Kaitaia College principal Jack Saxon spent a year preparing for a year to host Nathan Wallis, a one-time university lecturer in human development, a specialist in neuroscience with a background as a child and family therapist, primary school and early childhood teacher.

Now he is managing director of X Factor Education, and works in New Zealand and Australia, training professionals and parents in the application of neuroscience. He has three children, and a passion for foster children.

Mr Saxon knew what Mr Wallis had to offer.

"Partnering with cutting edge practitioners like Nathan allow our staff to stay up to date on the latest developments in brain development and to start considering the implications for this, both for our practice and the wider school curriculum," he said.


The college teachers were thrilled to spend an entire day of professional development with Mr Wallis, he added, before a public presentation of 'The Developing Brain' in the evening.

His major theme was that parents had the first 1000 days to build their child's brain, until the age of 11 to influence their character, "and then, during adolescence, part of your teenager's brain shuts down for renovations."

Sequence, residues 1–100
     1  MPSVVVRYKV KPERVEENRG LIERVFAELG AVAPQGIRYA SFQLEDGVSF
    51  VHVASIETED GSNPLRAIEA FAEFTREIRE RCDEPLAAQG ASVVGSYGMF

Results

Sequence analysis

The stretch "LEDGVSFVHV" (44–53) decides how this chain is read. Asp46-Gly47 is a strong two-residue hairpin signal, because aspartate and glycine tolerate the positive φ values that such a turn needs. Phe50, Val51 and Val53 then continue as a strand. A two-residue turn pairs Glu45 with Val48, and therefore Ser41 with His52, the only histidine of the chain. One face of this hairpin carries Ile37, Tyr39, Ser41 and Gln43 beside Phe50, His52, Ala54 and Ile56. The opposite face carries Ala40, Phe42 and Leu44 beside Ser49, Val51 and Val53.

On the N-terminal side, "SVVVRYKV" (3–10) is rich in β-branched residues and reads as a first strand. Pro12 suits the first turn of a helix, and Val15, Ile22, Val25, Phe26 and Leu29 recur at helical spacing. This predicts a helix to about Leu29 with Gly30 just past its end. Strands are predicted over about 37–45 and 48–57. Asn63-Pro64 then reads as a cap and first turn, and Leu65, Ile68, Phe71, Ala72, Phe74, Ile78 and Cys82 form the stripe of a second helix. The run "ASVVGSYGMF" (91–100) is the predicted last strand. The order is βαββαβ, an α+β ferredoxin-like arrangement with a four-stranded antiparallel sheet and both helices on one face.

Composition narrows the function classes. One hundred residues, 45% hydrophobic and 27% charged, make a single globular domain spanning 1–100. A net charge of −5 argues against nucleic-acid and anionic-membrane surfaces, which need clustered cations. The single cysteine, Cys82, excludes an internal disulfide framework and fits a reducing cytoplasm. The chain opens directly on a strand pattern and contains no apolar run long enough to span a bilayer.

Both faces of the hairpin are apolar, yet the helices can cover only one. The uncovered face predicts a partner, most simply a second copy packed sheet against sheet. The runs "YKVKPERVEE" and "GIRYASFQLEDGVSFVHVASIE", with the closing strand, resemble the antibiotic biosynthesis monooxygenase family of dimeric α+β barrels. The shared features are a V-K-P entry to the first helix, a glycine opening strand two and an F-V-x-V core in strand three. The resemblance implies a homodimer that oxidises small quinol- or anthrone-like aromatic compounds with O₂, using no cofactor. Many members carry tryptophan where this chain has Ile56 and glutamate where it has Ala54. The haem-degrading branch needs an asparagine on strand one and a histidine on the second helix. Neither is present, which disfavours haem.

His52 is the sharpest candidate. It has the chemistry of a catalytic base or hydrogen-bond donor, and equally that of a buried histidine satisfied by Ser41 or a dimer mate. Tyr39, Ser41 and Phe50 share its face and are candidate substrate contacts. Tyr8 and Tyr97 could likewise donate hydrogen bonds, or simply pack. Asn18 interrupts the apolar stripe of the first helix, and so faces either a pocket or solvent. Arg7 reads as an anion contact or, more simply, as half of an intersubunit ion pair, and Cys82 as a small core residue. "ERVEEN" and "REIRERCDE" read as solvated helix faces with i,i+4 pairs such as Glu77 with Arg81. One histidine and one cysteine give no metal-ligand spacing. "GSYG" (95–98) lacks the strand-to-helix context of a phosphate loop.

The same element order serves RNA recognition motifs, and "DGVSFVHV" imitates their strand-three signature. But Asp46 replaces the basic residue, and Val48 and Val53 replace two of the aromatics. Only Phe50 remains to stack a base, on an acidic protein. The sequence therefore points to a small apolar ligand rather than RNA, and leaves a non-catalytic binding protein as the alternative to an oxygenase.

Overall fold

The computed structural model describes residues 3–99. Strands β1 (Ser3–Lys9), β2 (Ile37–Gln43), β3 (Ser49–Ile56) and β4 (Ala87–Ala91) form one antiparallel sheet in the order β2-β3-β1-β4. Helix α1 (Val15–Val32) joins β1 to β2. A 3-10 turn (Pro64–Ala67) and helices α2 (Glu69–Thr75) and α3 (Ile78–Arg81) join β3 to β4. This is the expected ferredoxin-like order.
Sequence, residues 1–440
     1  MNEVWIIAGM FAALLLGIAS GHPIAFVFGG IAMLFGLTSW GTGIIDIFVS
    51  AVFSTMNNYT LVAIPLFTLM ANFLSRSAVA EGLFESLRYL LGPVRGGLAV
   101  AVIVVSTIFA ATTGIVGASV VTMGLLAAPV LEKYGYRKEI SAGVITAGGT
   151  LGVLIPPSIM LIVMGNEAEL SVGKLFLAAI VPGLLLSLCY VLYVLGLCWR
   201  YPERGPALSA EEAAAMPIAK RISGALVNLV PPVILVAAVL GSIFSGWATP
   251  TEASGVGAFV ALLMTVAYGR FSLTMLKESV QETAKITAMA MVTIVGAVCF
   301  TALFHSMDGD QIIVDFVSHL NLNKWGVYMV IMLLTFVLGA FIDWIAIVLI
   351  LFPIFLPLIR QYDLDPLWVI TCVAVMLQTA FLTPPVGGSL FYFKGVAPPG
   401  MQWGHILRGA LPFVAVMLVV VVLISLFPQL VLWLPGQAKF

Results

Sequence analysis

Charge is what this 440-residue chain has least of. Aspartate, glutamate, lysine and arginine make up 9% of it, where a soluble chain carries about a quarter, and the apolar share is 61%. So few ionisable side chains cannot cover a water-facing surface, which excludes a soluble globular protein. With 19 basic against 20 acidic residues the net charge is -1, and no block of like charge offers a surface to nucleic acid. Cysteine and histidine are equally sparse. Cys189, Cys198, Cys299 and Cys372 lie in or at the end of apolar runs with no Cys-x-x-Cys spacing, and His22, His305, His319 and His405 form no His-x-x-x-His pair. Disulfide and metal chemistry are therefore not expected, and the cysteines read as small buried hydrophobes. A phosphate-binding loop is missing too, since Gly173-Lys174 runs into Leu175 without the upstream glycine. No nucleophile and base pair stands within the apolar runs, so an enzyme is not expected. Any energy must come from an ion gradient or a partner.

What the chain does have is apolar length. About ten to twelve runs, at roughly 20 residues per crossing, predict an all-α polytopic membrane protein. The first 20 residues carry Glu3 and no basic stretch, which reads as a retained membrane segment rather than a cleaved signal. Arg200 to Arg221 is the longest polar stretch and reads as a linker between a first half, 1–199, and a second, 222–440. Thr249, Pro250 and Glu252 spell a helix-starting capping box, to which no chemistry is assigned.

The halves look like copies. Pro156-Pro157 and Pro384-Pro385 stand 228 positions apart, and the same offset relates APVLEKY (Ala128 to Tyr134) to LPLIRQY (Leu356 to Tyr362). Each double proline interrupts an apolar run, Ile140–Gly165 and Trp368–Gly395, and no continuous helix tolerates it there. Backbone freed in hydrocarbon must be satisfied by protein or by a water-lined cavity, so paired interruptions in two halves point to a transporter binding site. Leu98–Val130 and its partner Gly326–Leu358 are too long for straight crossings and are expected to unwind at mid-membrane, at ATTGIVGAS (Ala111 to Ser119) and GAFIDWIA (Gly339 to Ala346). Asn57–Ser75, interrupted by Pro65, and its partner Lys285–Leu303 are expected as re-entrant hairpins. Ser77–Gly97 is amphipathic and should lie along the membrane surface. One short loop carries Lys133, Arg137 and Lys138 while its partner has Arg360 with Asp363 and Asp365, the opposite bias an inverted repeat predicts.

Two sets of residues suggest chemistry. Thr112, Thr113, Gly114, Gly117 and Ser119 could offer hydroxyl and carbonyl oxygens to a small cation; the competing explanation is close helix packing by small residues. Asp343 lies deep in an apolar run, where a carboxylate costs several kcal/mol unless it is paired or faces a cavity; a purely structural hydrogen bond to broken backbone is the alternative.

He talked about the importance of brain development in the first 1000 days of life, and what makes humans different from other species.

The last 20 or so years had seen an explosion of information about the human brain. It was estimated that in the 1990s alone, knowledge about the brain doubled what had been learned in the previous 300 years. This was literally the Age of the Brain, with new information gained on an almost daily rate.

Mr Wallis said the literature showed quite clearly that children do best when raised by the most responsive and attuned person available to them, regardless of gender or biology. So the development of empathy, self-regulation, self-control, learning dispositions, higher intellect and all the other skills that will eventually render them ready for school (and ready for a successful, healthy life) had their roots in the baby feeling safe, in partnership, loved and adored in the first 1000 days.

"In contrast to what our parents believed, it's not just about your genes, and it's not about learning alphabets, numbers or colours. It's about being in a safe, loving and interactive environment," he said.

"The more love and positive interaction you experience in your first 1000 days of life, the more developed your brain will be. This will ultimately impact all of the child's lifelong outcomes, far more than secondary school ever will."

He also discussed using cognitive training to deal with conflict and problem behaviour, suggesting three steps.

Firstly, calm the child down — they can't learn if they are not calm; their wellbeing must be attended to. Secondly, speak the child's language — if they feel they've been listened to, they will listen. Thirdly, look at the cognitive training required — the focus should be on learning the behaviour they need to use.